Article last updated on: Jan 08, 2018
What are perovskite?

Perovskites are a class of materials that share a similar structure, which display a myriad of exciting properties like superconductivity, magnetoresistance and more. These easily synthesized materials are considered the future of solar cells, as their distinctive structure makes them perfect for enabling low-cost, efficient photovoltaics. They are also predicted to play a role in next-gen electric vehicle batteries, sensors, lasers and much more.

How does the PV market look today?

In general, Photovoltaic (PV) technologies can be viewed as divided into two main categories: wafer-based PV (also called 1st generation PVs) and thin-film cell PVs. Traditional crystalline silicon (c-Si) cells (both single crystalline silicon and multi-crystalline silicon) and gallium arsenide (GaAs) cells belong to the wafer-based PVs, with c-Si cells dominating the current PV market (about 90% market share) and GaAs exhibiting the highest efficiency.

Perovskite solar cell market image

Thin-film cells normally absorb light more efficiently than silicon, allowing the use of extremely thin films. Cadmium telluride (CdTe) technology has been successfully commercialized, with more than 20% cell efficiency and 17.5% module efficiency record and such cells currently hold about 5% of the total market. Other commercial thin-film technologies include hydrogenated amorphous silicon (a-Si:H) and copper indium gallium (di)selenide (CIGS) cells, taking approximately 2% market share each today. Copper zinc tin sulphide technology has been under R&D for years and will probably require some time until actual commercialization.

What is a perovskite solar cell?

An emerging thin-film PV class is being formed, also called 3rd generation PVs, which refers to PVs using technologies that have the potential to overcome current efficiency and performance limits or are based on novel materials. This 3rd generation of PVs includes DSSC, organic photovoltaic (OPV), quantum dot (QD) PV and perovskite PV.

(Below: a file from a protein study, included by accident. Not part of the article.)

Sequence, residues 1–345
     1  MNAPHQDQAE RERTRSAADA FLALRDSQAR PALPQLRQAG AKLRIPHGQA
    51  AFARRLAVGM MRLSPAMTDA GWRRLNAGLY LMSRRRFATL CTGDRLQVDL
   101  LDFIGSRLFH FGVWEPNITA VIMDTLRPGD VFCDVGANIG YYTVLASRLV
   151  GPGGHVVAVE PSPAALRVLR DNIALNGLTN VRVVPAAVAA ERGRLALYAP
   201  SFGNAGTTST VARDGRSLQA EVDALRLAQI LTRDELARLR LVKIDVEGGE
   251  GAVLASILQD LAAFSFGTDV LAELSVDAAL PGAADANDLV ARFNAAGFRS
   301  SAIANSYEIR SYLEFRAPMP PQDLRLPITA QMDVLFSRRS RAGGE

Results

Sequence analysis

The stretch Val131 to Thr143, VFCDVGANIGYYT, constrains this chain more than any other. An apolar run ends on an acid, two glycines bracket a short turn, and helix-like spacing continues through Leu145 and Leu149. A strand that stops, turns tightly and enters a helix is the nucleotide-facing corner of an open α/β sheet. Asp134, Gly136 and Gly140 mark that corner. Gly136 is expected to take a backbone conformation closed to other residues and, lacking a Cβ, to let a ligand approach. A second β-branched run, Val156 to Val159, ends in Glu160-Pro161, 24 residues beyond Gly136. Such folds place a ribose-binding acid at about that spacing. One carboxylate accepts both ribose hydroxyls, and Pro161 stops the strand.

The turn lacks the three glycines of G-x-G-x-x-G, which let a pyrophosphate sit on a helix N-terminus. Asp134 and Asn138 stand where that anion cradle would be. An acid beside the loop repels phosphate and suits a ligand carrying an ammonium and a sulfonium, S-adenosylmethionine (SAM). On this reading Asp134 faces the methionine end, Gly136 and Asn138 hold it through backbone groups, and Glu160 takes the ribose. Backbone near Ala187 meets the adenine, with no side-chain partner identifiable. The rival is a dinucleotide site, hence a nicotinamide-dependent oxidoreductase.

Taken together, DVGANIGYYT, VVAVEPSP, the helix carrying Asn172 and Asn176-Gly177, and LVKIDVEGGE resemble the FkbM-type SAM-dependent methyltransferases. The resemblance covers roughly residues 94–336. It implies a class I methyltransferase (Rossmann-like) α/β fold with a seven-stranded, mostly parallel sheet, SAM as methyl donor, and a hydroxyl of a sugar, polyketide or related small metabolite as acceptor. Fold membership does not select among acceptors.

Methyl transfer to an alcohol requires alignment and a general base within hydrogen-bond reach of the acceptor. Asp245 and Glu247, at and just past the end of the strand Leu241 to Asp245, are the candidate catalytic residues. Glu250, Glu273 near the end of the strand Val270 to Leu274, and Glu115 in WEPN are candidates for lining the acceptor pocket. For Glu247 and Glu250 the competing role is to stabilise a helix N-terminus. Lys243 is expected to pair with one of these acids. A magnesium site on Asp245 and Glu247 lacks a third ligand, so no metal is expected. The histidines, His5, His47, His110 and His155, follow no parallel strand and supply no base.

A perovskite solar cell is a type of solar cell which includes a perovskite structured compound, most commonly a hybrid organic-inorganic lead or tin halide-based material, as the light-harvesting active layer. Perovskite materials such as methylammonium lead halides are cheap to produce and relatively simple to manufacture. Perovskites possess intrinsic properties like broad absorption spectrum, fast charge separation, long transport distance of electrons and holes, long carrier separation lifetime, and more, that make them very promising materials for solid-state solar cells.

Perovskite solar cell image

Perovskite solar cells are, without a doubt, the rising star in the field of photovoltaics. They are causing excitement within the solar power industry with their ability to absorb light across almost all visible wavelengths, exceptional power conversion efficiencies already exceeding 20% in the lab, and relative ease of fabrication. Perovskite solar cells still face several challenge, but much work is put into facing them and some companies, are already talking about commercializing them in the near future.

What are the advantages of Perovskite solar cells?

Put simply, perovskite solar cells aim to increase the efficiency and lower the cost of solar energy. Perovskite PVs indeed hold promise for high efficiencies, as well as low potential material & reduced processing costs. A big advantage perovskite PVs have over conventional solar technology is that they can react to various different wavelengths of light, which lets them convert more of the sunlight that reaches them into electricity.

Moreover, they offer flexibility, semi-transparency, tailored form factors, light-weight and more. Naturally, electronics designers and researchers are certain that such characteristics will open up many more applications for solar cells.